Fort Osage, built under the direction of General William Clark (of the Lewis and Clark Expedition) was established in 1808 on the Missouri River in what is now far western Missouri. Fort Osage was established as a military outpost in the newly acquired Louisiana Territory to put Spain, France and Great Britain on notice that the United States meant to protect its territory by military strength and to establish relations with local Native American tribes, especially the Osage.
But during the War of 1812, Washington determined the territory guarded by Fort Osage was under no threat and its troops were needed elsewhere, so the post was abandoned in 1813.
Fort Madison, also built in 1808, came under Indian attack almost immediately by local tribes, particularly the Sauk under their famous leader Black Hawk. In 1812 the Sauk laid siege to the fort, but were driven off by canon fire. Attacks resumed again in July 1813 leading to another siege. Conditions were so dangerous that the bodies of soldiers killed outside the fort could not be recovered. After several weeks, the Army finally abandoned the post, burning it as they evacuated.
The British-Canadian-Native American force of about 650 outside Fort Shelby in July 1814, called for the commander, Lieutenant Joseph Perkins of the 24th U.S. Infantry Regiment to surrender. Perkins only had about 100 regulars and volunteers inside the fort and on a nearby 32-oar riverboat, but he refused to give up the fort. The attackers opened fire and both sides traded musket fire. But the British also had a 3-pounder canon and one of its canon balls struck the riverboat,. which contained most of the fort’s ammunition and supplies. The boat was forced to withdraw downstream.
By July 19, the Americans are running low on ammunition and supplies — and their well had run dry. When the British commander, Captain William McKay of the Michigan Fencibles (a British unit recruited in Canada), threatened to set the fort ablaze by firing red hot canon balls inside the walls, Perkins offered to surrender — if McKay could guarantee the safety of his men. McKay agreed, but told Perkins to await a day while he negotiated with his Indian allies.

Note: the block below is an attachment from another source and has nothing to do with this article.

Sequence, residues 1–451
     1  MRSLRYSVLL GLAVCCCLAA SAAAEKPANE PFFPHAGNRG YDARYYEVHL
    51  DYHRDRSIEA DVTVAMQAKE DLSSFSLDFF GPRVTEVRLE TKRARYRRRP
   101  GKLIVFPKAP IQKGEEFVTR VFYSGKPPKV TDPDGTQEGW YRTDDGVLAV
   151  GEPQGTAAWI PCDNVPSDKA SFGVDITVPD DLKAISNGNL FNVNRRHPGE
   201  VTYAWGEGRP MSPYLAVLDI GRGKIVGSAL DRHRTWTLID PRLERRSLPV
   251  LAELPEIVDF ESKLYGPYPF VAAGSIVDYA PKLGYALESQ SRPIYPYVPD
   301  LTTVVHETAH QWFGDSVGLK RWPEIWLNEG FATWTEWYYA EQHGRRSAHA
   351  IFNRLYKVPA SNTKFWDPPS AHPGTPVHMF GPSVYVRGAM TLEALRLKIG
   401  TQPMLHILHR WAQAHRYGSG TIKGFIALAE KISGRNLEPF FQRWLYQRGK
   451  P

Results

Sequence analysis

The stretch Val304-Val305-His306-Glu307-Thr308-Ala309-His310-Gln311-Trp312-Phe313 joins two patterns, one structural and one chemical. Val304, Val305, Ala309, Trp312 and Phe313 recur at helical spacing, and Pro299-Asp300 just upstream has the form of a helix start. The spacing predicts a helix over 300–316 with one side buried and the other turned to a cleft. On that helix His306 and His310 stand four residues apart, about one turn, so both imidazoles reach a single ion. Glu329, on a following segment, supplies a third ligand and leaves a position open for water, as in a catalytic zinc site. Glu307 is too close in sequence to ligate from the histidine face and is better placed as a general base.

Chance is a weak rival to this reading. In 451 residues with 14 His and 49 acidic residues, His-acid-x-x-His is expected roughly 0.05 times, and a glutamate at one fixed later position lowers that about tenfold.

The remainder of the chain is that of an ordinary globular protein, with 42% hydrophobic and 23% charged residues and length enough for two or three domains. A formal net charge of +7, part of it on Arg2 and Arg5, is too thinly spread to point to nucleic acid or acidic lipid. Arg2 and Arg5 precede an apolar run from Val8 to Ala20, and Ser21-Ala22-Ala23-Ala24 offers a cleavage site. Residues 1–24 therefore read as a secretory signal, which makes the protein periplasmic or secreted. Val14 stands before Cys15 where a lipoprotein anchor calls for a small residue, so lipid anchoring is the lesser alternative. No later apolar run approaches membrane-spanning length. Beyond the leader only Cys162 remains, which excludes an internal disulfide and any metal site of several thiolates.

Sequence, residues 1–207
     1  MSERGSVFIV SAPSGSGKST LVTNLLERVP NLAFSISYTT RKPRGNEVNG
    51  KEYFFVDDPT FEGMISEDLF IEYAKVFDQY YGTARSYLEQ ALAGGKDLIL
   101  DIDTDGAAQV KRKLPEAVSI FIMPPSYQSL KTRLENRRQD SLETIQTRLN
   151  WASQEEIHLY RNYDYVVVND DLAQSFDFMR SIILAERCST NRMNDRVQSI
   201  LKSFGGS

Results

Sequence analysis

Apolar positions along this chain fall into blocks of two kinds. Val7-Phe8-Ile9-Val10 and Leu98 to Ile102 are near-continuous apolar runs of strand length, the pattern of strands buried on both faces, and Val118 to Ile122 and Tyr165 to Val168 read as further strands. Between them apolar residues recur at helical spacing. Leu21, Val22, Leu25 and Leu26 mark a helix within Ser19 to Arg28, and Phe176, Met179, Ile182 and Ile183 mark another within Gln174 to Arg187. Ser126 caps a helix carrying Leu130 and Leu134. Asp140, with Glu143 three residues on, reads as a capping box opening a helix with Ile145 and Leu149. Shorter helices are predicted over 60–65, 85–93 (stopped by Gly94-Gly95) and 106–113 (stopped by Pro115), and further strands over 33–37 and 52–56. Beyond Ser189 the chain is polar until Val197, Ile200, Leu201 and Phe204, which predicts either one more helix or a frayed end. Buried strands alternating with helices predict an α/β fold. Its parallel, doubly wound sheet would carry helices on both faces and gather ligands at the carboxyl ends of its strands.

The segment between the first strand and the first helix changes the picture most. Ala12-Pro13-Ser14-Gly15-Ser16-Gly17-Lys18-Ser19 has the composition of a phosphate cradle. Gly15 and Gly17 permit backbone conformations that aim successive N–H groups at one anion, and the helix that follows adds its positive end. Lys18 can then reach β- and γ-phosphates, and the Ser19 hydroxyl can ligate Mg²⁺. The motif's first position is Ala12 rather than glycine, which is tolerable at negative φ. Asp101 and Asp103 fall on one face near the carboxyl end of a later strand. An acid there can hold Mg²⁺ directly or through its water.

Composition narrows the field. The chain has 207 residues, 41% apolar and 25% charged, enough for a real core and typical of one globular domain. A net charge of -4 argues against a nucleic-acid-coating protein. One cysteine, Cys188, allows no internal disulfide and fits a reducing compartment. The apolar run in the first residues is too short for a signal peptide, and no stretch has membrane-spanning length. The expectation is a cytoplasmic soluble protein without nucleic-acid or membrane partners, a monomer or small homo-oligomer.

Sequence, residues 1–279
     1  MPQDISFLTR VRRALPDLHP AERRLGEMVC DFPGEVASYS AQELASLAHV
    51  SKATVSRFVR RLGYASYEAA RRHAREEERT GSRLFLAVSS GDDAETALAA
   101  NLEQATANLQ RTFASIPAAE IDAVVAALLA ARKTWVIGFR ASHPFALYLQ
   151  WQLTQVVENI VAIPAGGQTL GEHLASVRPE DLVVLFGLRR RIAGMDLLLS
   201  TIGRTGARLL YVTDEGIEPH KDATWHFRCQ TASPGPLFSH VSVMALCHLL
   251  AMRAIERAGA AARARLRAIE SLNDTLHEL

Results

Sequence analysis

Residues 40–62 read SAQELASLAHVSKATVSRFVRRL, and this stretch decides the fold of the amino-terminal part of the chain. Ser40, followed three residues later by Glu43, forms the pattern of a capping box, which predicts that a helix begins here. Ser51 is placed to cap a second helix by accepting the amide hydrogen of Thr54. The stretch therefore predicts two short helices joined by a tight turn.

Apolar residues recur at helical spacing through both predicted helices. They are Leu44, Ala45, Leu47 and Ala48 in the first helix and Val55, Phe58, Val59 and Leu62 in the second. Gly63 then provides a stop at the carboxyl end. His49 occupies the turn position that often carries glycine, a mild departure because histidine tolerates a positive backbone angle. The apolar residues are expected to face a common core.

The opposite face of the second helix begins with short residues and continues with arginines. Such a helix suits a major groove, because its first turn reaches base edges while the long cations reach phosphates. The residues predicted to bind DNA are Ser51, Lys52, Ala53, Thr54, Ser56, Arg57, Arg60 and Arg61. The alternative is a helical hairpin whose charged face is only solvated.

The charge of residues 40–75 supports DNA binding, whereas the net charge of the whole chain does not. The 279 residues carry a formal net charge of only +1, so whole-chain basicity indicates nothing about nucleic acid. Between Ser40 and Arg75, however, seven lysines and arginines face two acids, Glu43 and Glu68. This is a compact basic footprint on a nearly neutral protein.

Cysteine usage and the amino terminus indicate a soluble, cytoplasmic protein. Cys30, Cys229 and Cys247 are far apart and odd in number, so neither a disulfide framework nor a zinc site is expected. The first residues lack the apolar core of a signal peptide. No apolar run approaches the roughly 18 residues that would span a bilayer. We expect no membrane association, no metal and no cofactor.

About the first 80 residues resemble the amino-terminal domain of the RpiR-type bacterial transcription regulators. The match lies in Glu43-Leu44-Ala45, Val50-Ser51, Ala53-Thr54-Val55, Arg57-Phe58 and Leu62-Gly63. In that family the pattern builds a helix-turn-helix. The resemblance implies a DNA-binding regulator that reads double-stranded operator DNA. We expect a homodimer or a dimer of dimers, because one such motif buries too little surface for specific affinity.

Honduran commandos demonstrate their sniper and camouflage skills before a graduation ceremony in Tegucigalpa, Honduras, June 19, 2014. Soldiers from the U.S. Army 7th Special Forces Group and Colombian national policemen trained the commandos to succeed at missions like capturing high value narco-trafficking and criminal targets.
Among the distinguished guests at the ceremony was Brigadier General Sean Mulholland, the head of Special Operations Command South — the command that oversees Green Berets, Navy SEALS, Army Rangers and other special operations forces attached to U.S. Southern Command, which is responsible for all of Latin America south of Mexico.
With shrinking defense budgets and more and more crises developing around the world, Pentagon planners have said the United States will have to rely more and more on partner nations like Honduras to defend themselves against insurgencies, narco cartels and terrorists.
To see more photos of this awards ceremony and some of the skills the Honduran commandos learned, click here.
After the Battle of Chippawa (July 5, 1814), both sides claim victory and both sides are exhausted from the engagement.
Within a few days, the American commander, Major General Jacob Brown, outflanks the British at Chippawa Creek, forcing the British to fall back to Fort George on the western (Canadian) side of the Niagara River near its mouth at Lake Ontario.
But Brown lacks the necessary troops and heavy artillery to attack this well fortified position. And because the Royal Navy still controls Lake Ontario – Brown can’t get adequate supplies from Sackett’s Harbor on the New York side of Lake Ontario. The British, however, are able to get shipments of fresh troops and supplies in from York (Canada).
Seeing his current position outside Fort George as untenable, Brown begins slowly retreating down the Canadian side of the Niagara River. The British, under Major Phineas Riall, follow Brown’s troops – setting up one of the bloodiest battles of the 1812 war: Lundy’s Lane.